Azerbaijan dials up the rhetoric on Karabakh; to what end?
Bellicose rhetoric from Baku towards Armenia and Nagorno-Karabakh is nothing new, but the volume seems to have been rising a bit lately, with Azerbaijan claiming that it could attack anywhere in Armenia, and the Armenians responding in kind:
President Serzh Sarkisian said earlier this year that an Azerbaijani assault on Armenia and Nagorno-Karabakh would trigger "serious counterattacks." Defense Minister Seyran Ohanian similarly stated in January that Armenian forces have significantly beefed up fortifications around Karabakh in recent years and are prepared for renewed fighting.
Hakobian said the unrecognized Nagorno-Karabakh Republic's army has received new military hardware and ammunition this year. "[We] have had quite a serious success in acquiring air-defense systems," he said.
So what to make of this? Anna Matveeva, writing in the Guardian, has a sensible analysis:
Encouragingly, Azerbaijan's leadership is risk-averse and not prone to impulsive moves to suit a nationalist agenda. It does not need a war to boost its popularity, because it is already popular. Rationally speaking, the war is unlikely. But military games and sabre-rattling have a tendency to get out of hand. Armenia's internal political problems can give rise to a "now or never" attitude: since the adversary appears weak, the time for a decisive push has arrived.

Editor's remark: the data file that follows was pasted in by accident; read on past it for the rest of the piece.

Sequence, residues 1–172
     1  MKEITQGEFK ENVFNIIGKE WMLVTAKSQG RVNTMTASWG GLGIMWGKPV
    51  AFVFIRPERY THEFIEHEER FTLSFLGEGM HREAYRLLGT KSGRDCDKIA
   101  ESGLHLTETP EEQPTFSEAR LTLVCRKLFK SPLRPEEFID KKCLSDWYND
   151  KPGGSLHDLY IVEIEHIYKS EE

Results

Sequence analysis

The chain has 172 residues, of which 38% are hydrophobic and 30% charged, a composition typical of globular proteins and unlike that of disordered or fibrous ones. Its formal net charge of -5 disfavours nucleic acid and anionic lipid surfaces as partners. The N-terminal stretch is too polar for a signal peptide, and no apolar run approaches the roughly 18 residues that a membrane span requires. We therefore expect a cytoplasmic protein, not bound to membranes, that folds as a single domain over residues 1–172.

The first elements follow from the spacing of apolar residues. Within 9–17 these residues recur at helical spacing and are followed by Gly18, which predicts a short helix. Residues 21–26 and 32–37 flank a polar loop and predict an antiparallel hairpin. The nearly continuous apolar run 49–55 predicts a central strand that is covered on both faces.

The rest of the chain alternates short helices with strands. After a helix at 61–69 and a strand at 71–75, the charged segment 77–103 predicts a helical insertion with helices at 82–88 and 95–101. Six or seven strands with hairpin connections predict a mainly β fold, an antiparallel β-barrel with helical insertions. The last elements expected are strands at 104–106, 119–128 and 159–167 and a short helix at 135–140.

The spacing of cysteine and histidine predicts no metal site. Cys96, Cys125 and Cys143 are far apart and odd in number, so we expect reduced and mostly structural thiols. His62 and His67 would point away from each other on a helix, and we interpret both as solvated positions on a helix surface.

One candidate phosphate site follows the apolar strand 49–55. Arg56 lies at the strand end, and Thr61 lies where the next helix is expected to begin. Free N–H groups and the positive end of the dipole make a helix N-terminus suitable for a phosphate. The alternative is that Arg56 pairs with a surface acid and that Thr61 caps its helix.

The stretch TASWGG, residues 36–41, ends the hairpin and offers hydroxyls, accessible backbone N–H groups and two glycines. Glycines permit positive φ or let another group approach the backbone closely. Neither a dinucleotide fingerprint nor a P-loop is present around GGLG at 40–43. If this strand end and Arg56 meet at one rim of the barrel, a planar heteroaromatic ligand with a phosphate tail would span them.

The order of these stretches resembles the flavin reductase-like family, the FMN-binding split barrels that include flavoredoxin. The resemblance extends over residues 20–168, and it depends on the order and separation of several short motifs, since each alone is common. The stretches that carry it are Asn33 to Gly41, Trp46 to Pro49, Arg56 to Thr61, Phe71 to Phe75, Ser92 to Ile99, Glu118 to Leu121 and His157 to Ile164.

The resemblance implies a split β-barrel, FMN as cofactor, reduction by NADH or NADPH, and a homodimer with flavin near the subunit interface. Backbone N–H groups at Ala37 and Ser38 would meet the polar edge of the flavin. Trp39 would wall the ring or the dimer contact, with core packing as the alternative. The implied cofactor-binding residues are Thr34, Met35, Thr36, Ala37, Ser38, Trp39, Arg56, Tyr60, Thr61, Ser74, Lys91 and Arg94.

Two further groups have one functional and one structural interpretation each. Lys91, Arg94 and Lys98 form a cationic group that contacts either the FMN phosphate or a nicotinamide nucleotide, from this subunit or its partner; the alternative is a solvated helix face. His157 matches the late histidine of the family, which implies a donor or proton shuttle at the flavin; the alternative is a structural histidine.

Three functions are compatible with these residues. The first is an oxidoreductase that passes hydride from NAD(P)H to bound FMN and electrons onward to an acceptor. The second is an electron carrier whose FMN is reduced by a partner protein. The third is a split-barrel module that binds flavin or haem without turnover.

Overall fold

If it comes to it, the crucial issue is what Russia would do. There is a fashionable belief that Moscow holds the key to a Karabakh settlement, but a scenario in which Vladimir Putin calls the Armenian president, Serzh Sargsyan, and orders him to withdraw from Karabakh seems truly fantastic. In the current stalemate, Russia cannot do more than the US and France, the other Minsk group co-chairs. However, if fighting were to start, Moscow would be presented with an awkward choice as to whether it defends Armenia militarily.
On the one hand, Armenia is a member of the Collective Security Treaty Organisation, which, like Nato, operates on the collective defence principle: an attack against one member is regarded as an attack on all members. On the other hand, Moscow does not have the same problems with Baku as it has with Tbilisi: the political relationship is good, trade is rampant, Azerbaijan benefits from Russian investment and the two states co-operate in combating terrorism. In the case of deterioration, diplomatic rather than military pressure would be Moscow's most likely option.